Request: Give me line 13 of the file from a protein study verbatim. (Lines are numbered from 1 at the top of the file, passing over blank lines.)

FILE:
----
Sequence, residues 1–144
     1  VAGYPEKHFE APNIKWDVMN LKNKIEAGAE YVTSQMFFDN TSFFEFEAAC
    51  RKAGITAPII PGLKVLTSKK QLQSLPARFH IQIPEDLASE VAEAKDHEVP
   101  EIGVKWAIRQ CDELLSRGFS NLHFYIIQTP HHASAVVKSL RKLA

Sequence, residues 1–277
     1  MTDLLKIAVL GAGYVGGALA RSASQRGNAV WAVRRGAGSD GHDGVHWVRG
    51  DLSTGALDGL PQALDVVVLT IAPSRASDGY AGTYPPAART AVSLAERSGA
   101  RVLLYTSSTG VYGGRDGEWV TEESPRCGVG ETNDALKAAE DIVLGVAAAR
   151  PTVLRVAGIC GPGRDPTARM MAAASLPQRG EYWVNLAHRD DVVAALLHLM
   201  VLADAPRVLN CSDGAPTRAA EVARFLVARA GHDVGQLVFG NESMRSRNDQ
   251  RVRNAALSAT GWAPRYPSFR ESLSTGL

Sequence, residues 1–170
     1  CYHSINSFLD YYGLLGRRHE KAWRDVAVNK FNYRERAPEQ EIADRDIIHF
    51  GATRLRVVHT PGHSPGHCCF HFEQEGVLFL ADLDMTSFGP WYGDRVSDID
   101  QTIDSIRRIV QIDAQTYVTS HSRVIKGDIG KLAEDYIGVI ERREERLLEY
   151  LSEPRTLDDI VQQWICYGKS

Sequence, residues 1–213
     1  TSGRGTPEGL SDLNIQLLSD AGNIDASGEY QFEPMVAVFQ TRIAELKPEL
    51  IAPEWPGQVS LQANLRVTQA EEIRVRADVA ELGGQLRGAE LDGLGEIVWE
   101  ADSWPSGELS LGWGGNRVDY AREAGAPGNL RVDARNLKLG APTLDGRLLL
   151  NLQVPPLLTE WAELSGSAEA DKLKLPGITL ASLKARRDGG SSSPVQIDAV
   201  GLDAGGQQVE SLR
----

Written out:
     1  CYHSINSFLD YYGLLGRRHE KAWRDVAVNK FNYRERAPEQ EIADRDIIHF